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Suppose $f: \mathbb{R} \to \mathbb{R}$ is continuous function and consider the set $\{ (x,f(x)) : x \in \mathbb{R} \}$ = G. Then, we obviously know that this set $G$ is closed. Now, I am having some difficulty trying to find its interior. My guess is that $\operatorname{Int} G = \varnothing $. But, how can I prove this? Any help would be greatly appreciated.


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The interior of a set is open. Can you find an $p=(x,y)\in G$ such that $B(p,\epsilon)\subseteq G$ for some $\epsilon > 0$? –  David Peterson Feb 9 at 6:15
Let $(x, f(x))$ be an element in the graph and $B$ is a ball of any radius centered at that point. Then $(x, g(x)+ \epsilon)$.... –  John Feb 9 at 6:15
How about using a space-filling curve and extending it continuously all over the Real line? –  user99680 Feb 9 at 6:22
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3 Answers 3

up vote 1 down vote accepted

I think you need the function (EDIT: curve; please see below) to be injective; otherwise you have cases like that of a space-filling curve :http://en.wikipedia.org/wiki/Space-filling_curve . If you want to turn it into a function $f: \mathbb R \rightarrow \mathbb R$ , then you can extend continuously left and right. The existence of the continuous extension is guaranteed, e.g., by Tietze extension theorem.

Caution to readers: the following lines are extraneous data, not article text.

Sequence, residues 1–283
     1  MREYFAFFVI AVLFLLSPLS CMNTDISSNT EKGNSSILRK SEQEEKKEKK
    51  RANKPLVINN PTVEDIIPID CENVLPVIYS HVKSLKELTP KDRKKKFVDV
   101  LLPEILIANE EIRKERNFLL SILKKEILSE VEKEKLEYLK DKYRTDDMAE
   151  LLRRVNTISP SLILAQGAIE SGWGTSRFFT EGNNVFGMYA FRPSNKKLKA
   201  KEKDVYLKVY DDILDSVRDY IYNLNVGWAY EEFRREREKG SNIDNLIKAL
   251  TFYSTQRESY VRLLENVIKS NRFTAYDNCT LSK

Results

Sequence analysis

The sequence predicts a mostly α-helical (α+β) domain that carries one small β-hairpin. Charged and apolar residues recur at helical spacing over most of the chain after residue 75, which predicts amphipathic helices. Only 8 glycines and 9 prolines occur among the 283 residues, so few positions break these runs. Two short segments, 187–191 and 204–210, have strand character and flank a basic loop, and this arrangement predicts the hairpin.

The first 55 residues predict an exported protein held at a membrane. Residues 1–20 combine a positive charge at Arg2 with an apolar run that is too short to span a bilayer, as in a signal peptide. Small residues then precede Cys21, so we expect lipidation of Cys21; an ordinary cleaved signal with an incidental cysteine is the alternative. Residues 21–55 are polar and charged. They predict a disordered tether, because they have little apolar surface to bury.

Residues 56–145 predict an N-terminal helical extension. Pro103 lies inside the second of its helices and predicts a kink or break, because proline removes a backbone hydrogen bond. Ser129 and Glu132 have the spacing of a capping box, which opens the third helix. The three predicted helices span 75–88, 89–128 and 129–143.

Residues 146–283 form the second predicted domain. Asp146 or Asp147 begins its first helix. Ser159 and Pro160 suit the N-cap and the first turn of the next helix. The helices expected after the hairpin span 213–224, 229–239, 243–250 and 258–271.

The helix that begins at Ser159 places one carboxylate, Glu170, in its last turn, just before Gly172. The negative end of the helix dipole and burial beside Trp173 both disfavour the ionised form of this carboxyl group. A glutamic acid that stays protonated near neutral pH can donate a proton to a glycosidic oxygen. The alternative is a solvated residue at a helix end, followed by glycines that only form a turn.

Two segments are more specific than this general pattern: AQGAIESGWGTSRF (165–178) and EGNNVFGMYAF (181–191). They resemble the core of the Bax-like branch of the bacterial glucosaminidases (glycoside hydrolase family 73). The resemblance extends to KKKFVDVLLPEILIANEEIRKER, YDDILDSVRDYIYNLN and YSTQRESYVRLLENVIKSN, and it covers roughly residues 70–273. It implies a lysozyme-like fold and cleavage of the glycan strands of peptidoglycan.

EDIT: like was pointed out, this is not actually a function, but a curve (and I wrongly assumed you meant a curve, not a function). For a function, consider a ball about the pair $(x,f(x))$. Since f is a function, any ball $B((x,f(x));r)$ for any $r>0$ cannot contain any horizontal strip above $f(x)$, so the image must contain an empty interior. Say there is a closed ball $B$ in the graph. This ball will then contain a small vertical strip , which implies that some point in the domain has two images, which cannot happen for a function.

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I think you're confusing image with graph. –  nonpop Feb 9 at 6:38
If $f$ is a function its graph is quite far from a space-filling curve. –  David Peterson Feb 9 at 6:39
Yes, I wrongly assumed the OP meant a curve, not a function; I just edited. –  user99680 Feb 9 at 6:47
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The projection $\pi:G\to\Bbb R$ is a homeomorphism. Can you show $\Bbb R\times\{0\}\subset \Bbb R^2$ has empty interior?

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This set has measure $0$ in $\mathbb{R}^2$, so its interior must be empty.

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